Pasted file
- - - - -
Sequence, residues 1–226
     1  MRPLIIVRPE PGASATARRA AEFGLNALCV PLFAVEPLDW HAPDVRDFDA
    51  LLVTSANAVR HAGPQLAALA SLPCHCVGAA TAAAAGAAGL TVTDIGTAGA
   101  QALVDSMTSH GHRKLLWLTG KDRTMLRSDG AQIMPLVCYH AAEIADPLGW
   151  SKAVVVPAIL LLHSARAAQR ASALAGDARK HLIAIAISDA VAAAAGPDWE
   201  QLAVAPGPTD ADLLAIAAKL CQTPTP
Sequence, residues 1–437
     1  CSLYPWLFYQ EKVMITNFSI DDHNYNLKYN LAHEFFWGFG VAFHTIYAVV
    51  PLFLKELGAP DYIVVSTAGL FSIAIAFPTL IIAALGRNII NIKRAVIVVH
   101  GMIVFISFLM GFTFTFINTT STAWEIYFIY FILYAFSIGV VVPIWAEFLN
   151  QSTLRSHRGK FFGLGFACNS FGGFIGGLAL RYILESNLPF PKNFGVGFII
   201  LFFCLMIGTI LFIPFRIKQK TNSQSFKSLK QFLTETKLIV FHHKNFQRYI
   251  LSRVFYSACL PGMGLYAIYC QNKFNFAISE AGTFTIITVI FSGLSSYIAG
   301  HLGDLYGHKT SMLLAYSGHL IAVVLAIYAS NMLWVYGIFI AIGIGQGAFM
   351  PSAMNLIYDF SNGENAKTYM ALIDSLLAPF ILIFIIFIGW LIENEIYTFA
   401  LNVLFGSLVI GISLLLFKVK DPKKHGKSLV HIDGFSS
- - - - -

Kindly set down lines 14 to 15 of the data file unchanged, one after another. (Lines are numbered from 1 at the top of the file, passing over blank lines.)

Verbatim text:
   301  HLGDLYGHKT SMLLAYSGHL IAVVLAIYAS NMLWVYGIFI AIGIGQGAFM
   351  PSAMNLIYDF SNGENAKTYM ALIDSLLAPF ILIFIIFIGW LIENEIYTFA